Whereas the above description reflects laboratory melting and forming practice only, it must be appreciated that the compositions recited in Table I complying with the terms of the subject invention can be melted and formed in much larger quantities utilizing conventional commercial melting units and glass forming techniques.

Several commercially-available, essentially lead-free crystal glassware compositions are also provided in Table I, the analyses thereof in weight percent being tabulated under the company designations.

              TABLE I______________________________________ Schott  Tiffany  Moser Phillips                              1    2     3______________________________________SiO.sub.2 69.8    69.5     75.7  65.0  59.5 60.2  55.7Al.sub.2 O.sub.3 1.32    0.134    0.169 1.0   1.0  1.0   --Li.sub.2 O --      --       --    --    1.7  3.0   1.7Na.sub.2 O 12.4    10.7     7.9   12.0  3.6  6.5   4.2K.sub.2 O 2.88    8.11     10.1  4.0   5.4  --    6.4MgO   --      --       --    2.0   --   --    --CaO   6.02    4.92     5.52  6.0   --   --    --SrO   0.096   --       --    --    10.5 9.5   10.5BaO   7.57    2.80     --    7.0   10.5 9.5   10.5ZnO   --      1.75     --    2.0   7.5  7.5   7.5B.sub.2 O.sub.3 --      1.50     0.309 --    --   2.5   --Sb.sub.2 O.sub.3 0.35    0.982    0.542 0.9   0.3  0.3   0.4ZrO.sub.2 --      --       --    --    --   --    3.0______________________________________ 4       5        6     7     8    9______________________________________SiO.sub.2 57.3    54.3     65.7  64.0  64.0 64.1  64.7Al.sub.2 O.sub.3 --      --       1.0   1.0   1.0  2.0   1.0Li.sub.2 O 1.7     1.7      1.0   1.0   --   --    2.0Na.sub.2 O 3.6     3.6      10.5  9.7   4.2  7.6   4.2K.sub.2 O 5.4     5.4      --    --    6.5  7.0   6.3MgO   --      --       --    --    --   --    2.0CaO   --      --       --    --    --   --    7.0SrO   10.5    12.0     9.5   6.0   6.0  9.5   5.0BaO   10.5    12.0     9.5   18.0  18.0 9.5   5.0ZnO   7.5     7.5      2.5   --    --   --    2.5Sb.sub.2 O.sub.3 0.4     0.4      0.3   0.3   0.3  0.3   0.3ZrO.sub.2 --      1.0      --    --    --   --    --TiO.sub.2 3.0     2.0      --    --    --   --    --______________________________________

Table II reports the softening point (S.P.), annealing point (A.P.), and strain point (St.P) in °C., the linear coefficient of thermal expansion (Exp) over the temperature range of 25°-300° C. expressed in terms of X10-7 /°C., the density (Den) in grams/cm3, and the refractive index (n D) as determined in accordance with measuring techniques conventional in the glass art.

The chemical durability of the glasses when contacted with acids, as defined in terms of weight loss (W.L.A.), was determined by immersing polished plates of known weight for 24 hours in an aqueous bath of 5% by weight HCl operating at 95° C. After withdrawal from the bath and drying, the plates were reweighed and the weight loss measured in terms of mg/cm2.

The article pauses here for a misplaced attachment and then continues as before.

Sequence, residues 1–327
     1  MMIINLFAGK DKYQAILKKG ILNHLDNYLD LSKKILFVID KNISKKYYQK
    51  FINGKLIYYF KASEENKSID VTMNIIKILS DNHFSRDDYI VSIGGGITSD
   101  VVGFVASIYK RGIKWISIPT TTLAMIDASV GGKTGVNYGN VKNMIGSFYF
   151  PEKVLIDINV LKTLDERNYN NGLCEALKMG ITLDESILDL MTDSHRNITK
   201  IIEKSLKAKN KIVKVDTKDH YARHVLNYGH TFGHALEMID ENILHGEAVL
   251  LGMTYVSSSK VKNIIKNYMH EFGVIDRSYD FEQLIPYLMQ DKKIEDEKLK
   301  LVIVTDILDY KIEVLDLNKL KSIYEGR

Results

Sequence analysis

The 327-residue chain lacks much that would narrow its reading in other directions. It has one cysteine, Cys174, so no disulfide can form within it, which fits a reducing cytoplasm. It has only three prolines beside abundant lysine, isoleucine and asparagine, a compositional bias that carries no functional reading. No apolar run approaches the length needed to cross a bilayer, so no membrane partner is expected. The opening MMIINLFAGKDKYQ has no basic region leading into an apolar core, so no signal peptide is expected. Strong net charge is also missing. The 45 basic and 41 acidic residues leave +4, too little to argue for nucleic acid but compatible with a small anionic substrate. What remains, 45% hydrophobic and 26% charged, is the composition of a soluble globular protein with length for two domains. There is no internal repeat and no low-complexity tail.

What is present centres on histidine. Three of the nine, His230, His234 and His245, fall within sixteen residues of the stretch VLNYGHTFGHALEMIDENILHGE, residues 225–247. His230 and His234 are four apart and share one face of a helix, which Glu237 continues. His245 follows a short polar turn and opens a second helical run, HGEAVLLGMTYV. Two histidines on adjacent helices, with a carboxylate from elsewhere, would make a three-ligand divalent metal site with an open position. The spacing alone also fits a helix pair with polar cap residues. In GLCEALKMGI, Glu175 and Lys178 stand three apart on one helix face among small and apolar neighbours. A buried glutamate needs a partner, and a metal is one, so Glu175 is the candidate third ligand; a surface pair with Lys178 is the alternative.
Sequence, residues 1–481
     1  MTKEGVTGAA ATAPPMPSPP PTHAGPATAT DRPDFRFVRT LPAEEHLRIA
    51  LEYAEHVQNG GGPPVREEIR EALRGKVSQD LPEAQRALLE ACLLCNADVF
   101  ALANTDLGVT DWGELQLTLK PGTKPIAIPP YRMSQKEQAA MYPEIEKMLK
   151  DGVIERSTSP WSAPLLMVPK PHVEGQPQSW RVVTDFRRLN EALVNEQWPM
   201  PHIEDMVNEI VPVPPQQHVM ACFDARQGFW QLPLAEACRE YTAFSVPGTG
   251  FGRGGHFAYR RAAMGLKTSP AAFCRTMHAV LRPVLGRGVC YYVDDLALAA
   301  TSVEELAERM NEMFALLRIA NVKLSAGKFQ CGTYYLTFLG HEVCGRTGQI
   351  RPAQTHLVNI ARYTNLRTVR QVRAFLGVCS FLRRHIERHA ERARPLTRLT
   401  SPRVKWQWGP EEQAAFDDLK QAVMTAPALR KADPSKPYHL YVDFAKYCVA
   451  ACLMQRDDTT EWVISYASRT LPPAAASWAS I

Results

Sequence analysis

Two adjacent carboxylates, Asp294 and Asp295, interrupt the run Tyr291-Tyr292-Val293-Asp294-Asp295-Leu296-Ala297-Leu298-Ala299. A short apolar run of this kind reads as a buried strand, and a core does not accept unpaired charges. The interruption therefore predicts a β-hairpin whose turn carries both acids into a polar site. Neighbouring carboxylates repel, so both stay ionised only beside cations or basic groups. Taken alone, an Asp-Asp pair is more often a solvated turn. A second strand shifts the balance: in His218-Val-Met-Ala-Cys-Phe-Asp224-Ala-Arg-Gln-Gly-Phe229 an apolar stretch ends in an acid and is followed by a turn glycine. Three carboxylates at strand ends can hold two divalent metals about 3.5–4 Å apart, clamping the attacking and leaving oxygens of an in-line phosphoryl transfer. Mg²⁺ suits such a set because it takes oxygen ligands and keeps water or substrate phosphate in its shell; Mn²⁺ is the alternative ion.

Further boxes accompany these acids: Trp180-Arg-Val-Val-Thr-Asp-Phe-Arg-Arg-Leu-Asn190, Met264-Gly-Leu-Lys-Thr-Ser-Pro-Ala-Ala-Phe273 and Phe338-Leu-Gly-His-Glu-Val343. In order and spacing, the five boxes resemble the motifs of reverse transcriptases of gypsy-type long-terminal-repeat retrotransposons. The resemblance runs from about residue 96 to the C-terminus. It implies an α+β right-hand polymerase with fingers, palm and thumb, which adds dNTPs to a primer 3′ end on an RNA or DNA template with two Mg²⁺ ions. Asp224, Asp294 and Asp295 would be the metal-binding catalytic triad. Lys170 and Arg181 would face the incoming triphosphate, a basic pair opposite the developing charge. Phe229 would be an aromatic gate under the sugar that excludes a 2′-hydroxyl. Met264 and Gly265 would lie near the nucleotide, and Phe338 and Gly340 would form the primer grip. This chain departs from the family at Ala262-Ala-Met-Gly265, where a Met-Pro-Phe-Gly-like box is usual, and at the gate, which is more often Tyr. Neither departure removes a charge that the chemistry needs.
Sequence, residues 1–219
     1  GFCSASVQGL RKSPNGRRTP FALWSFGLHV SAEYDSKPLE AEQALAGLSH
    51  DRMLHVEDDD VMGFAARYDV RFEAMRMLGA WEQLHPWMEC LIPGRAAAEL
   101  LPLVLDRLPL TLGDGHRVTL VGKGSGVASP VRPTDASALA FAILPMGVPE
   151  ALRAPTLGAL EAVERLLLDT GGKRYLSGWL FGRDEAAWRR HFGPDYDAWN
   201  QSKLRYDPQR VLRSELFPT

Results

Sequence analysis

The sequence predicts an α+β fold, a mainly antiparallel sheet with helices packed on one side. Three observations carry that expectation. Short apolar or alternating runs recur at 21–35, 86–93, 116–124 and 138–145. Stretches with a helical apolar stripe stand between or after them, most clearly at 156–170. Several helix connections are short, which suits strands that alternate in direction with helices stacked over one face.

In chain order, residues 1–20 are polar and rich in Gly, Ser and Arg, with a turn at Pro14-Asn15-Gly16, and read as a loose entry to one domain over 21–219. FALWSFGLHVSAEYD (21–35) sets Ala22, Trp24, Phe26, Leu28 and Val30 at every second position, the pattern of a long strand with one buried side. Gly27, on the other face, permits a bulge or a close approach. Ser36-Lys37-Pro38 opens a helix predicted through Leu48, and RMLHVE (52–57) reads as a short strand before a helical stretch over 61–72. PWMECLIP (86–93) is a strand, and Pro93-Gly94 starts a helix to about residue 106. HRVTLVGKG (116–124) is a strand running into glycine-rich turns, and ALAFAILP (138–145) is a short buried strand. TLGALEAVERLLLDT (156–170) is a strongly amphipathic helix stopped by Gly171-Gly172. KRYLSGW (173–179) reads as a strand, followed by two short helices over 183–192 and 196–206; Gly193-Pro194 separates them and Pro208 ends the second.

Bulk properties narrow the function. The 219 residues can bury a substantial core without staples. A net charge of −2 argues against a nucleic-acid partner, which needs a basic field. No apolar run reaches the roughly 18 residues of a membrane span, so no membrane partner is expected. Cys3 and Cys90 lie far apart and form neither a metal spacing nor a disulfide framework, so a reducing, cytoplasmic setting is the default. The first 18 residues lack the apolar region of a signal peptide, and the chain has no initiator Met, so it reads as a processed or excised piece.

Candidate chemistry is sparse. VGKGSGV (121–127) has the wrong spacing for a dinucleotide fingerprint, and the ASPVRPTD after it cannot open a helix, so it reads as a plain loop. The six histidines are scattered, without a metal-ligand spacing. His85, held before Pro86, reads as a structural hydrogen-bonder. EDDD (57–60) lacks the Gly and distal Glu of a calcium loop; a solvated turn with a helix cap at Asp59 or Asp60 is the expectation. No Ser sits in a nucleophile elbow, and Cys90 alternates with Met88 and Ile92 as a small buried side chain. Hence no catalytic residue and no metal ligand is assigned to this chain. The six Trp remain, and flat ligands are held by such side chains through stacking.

The chemical durability of the glass when exposed to bases, as defined in terms of weight loss (W.L.B.), was determined by immersing plates of known weight for six hours in an aqueous bath of 5% by weight NaOH operating at 95° C. After withdrawal from the bath and drying, the plates are reweighed and the weight loss measured in terms of mg/cm2.

The glasses were also subjected to the following weathering test, the results of which are recorded in Table III. The test involves exposing two pieces of each glass to 98% relative humidity/50° C. for 12 weeks. One of the pieces was washed in deionized water every two weeks. The other piece was examined biweekly, but was not washed until the end of the 12 weeks. The extent of weathering was rated from A (no visible damage) to E (excessive deposit). Inasmuch as the brilliance of a glass is, in part, a function of surface quality, excellent resistance to weathering is an important attribute of fine glass crystal. In Table III the following legends apply:

A=nothing visible with intense illumination

B=slight deposit visible only with intense illumination

C=much deposit visible only with intense illumination

D=deposit readily visible in ordinary lighting

E=excessive deposit; test terminated

The properties exhibited by STEUBEN® glassware are included in Tables II and III for comparison purposes.

In Table III the testing of unwashed samples of Examples 6, 8, and 9 was terminated prior to the full 12 weeks because their resistance to weathering was visually very poor. Those samples were washed at their termination and that value is recorded in the column entitled "Washed".

In Table III the testing of washed samples of Examples 6, 8, and 9 was stopped before the end of the full 12 weeks. The weathering resistance value exhibited by the samples at the termination of the testing is reported in the column designating the expiration of the testing.

              TABLE II______________________________________         Tif-   Mos- Phil- Schott  fany   er   lips  1     2    3    4______________________________________S.P.  686     675    708  685   673   629  674  675A.P.  506     500    513  505   493   477  497  505St.P  464     459    468  480   452   442  457  465Exp   94.6    101.8  93.4 101   87.2  85.9 91.4 87.4Den   2.598   2.558  2.445                     2.633 2.898 2.892                                      2.977                                           2.941n.sub.D 1.552   --     --   1.529 1.545 --   1.566                                           1.571WLA   -0.052  --     --   -0.031                           -0.107                                 --   --   --WLB   -0.760  --     --   -0.70 -1.36 --   --   --______________________________________ 5       6      7     8    9     10   STEUBEN______________________________________S.P.  673     654    --    725  688   677  583A.P.  507     474    --    528  504   501  405St.P  469     437    --    479  461   458  367Exp   89.8    91.4   93.7  87.4 97.9  89.4 93Den   3.046   2.776  2.823 2.802                           2.719 2.686                                      3.09n.sub.D 1.575   1.534  --    --   --    --   1.57WLA   --      --     --    --   --    --   -0.136WLB   --      --     --    --   --    --   -1.94______________________________________